Connecticut has one of the highest ratios of debt to personal income and the fifth highest ratio of state retiree health care liabilities to income, according to a Pew Charitable Trusts report released Tuesday.
The report, which measured each state’s pension, health care and debt costs as a percentage of personal income, put Connecticut’s total liabilities at $67.5 billion dollars or 30 percent of personal income.
The ratio of public debt to private income is 8.8 percent, which ties Connecticut with Massachusetts for the second highest rate of public debt. When pension, healthcare and public debt are totalled, Connecticut has the fifth highest rate of unfunded liabilities.
Connecticut’s pension woes are well documented. The state’s pension obligations are about 40 percent funded, according to the 2015 actuarial valuation of the fund. Only 7 other states have a higher rate of unfunded liabilities. The Pew report puts Connecticut’s unfunded pension liabilities at about $25 billion.
When politicians talk about state employee benefits, pensions often get the most attention, but other post employment benefits (called OPEBs), which are almost entirely healthcare, cost states nearly $20 billion in 2013. The total unfunded liabilities for OPEBs across all states was $630 billion in 2013.
Connecticut is one of just 13 states whose OPEB liabilities account for 80 percent of that $600 billion. Connecticut has already agreed to pay $22 billion in eventual employee retirement benefits, but only about one percent of the necessary funds have already been set aside.
The Pew report states that “setting funds aside for future benefits can both make costs more predictable for taxpayers and make benefits more secure for retirees. This may be particularly important for states with higher levels of benefits and liabilities.”
Connecticut has a very high levels of both benefits and liabilities. According to another Pew Charitable Trusts report from 2014, the state pays about 85 percent of health care costs for state retirees and their dependents, which comes out to about $1,300 per year per person. Dependents receive the same coverage as employees.
The state has taken steps to reduce the cost of retiree health care in recent years. Major changes to Connecticut’s employee health care plan in 2011 cut the annual expenditure by about 5 percent. The state spent $36 million less on retiree health care in 2013 than it did in 2011.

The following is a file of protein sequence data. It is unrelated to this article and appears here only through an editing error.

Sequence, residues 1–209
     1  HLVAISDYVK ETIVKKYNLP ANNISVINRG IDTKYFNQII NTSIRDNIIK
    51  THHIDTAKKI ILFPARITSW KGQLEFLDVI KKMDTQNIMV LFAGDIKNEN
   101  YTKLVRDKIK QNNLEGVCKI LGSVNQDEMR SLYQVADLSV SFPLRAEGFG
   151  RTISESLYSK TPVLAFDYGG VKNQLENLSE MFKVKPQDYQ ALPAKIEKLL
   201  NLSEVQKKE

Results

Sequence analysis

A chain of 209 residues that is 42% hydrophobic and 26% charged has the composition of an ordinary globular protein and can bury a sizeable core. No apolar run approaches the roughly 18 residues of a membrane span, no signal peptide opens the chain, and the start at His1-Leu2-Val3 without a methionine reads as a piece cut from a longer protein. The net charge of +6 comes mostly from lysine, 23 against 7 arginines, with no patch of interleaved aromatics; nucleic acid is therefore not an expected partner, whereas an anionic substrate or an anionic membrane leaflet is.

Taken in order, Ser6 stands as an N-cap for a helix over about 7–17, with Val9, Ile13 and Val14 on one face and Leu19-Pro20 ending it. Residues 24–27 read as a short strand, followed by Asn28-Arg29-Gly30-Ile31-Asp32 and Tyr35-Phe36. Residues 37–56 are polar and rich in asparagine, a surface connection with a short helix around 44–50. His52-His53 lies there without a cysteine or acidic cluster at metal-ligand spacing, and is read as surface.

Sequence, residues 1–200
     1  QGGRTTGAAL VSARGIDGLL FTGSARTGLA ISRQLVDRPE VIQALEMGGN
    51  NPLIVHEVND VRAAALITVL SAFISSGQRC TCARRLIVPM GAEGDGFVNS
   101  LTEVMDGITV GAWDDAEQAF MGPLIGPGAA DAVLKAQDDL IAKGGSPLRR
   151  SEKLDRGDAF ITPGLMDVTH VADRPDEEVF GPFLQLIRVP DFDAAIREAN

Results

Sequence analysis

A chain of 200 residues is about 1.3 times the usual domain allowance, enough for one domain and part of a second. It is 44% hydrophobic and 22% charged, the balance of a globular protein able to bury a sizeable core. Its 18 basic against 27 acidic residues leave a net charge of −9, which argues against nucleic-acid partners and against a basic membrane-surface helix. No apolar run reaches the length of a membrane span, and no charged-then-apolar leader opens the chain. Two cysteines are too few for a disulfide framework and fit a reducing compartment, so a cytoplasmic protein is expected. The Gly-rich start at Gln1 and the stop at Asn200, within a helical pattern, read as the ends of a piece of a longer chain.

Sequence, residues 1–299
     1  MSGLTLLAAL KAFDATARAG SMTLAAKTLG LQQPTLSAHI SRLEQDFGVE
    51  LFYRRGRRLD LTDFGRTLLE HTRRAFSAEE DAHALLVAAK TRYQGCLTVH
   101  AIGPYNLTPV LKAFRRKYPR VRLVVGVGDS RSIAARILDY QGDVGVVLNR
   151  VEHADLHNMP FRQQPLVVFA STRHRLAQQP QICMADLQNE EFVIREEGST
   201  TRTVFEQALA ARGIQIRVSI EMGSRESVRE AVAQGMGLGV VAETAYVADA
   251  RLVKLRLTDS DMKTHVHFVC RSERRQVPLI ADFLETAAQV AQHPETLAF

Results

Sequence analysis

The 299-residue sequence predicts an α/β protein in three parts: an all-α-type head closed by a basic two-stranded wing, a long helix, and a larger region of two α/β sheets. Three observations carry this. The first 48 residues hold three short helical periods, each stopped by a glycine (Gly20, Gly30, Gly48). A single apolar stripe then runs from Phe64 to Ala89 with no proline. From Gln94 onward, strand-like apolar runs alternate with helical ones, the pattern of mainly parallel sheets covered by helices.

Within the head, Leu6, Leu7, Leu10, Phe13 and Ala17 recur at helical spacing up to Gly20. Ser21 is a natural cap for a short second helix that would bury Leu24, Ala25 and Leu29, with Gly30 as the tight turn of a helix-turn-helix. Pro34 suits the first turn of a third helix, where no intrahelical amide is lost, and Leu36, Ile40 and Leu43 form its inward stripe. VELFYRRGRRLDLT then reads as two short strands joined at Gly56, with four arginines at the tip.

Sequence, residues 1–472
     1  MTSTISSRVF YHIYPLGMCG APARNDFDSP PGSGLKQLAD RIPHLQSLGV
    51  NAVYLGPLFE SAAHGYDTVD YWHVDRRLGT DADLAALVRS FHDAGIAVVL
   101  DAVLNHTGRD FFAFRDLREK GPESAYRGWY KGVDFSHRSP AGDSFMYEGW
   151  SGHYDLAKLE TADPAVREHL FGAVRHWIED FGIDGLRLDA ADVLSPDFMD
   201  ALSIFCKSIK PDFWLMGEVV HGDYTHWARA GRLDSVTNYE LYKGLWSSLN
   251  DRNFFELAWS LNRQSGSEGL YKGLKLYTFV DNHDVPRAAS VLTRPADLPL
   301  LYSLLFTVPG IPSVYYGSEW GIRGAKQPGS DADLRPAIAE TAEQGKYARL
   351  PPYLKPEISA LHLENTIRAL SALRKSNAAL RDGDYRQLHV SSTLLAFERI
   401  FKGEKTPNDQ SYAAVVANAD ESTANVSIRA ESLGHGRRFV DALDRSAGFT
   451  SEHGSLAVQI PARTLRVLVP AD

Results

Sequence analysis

The switch to a new, self-funded plan called an Employer Group Waiver plan also brought the state both actual cost reductions and accounting benefits. The state also put in place premiums to incentivize employees to get preventive care, which reduced the use of costly emergency services.
In light of these changes, the Connecticut’s total healthcare liability was revised down $4.9 billion dollars between 2011 and 2013. However, the state still isn’t setting aside enough money to address these costs down the line. Connecticut is one of 22 states that fund less than 1 percent of their health care liability.
Like most states, Connecticut addresses retiree health care costs on a pay-as-you-go basis. Pre-funding these costs is preferable because once the money is set aside, it can be invested, which lowers long-term costs. But in an era of billion dollar deficits, it’s nearly impossible to set aside money for spending that’s still decades away.
As dire as Connecticut’s financial situation is, Alaska, Hawaii, and Illinois all face far more severe crises, with total unfunded liabilities ranging from 30 to over 50 percent of state income.
Pensions, health care, and debt still don’t represent the full picture of future state expenses. Few states keep accurate figures on the costs of deferred maintenance and infrastructure upgrades, so coming expenses are still hard to gauge. Connecticut also is one of the few states that assumes the cost of local school construction borrowing.
Connecticut will face many tough choices as the bill comes due for unfunded liabilities, and how to restructure debt and contracts will be one of those choices.
The amount the state will need to contribute to its state employee pension fund will continue to climb, reaching more than $2.5 billion per year in 2030. That scenario has prompted Gov. Dannel P. Malloy, state Comptroller Kevin Lembo, and state Treasurer Denise Nappier to sound the alarm bells in search of a solution.
The state will have to pay more than $1.5 billion into the pension fund this year to meet the annually required contribution, of which $1.2 billion represents unfunded liability or an amortization payment toward past unfunded liability. An estimated 82 percent of that payment represents the payment for unfunded liabilities. The normal annual cost of pension benefits is less than $300 million.
The state labor unions are on board with making changes to pension funding.
Discussions about exactly how they will modify the fund to create more stability are expected to continue through the summer.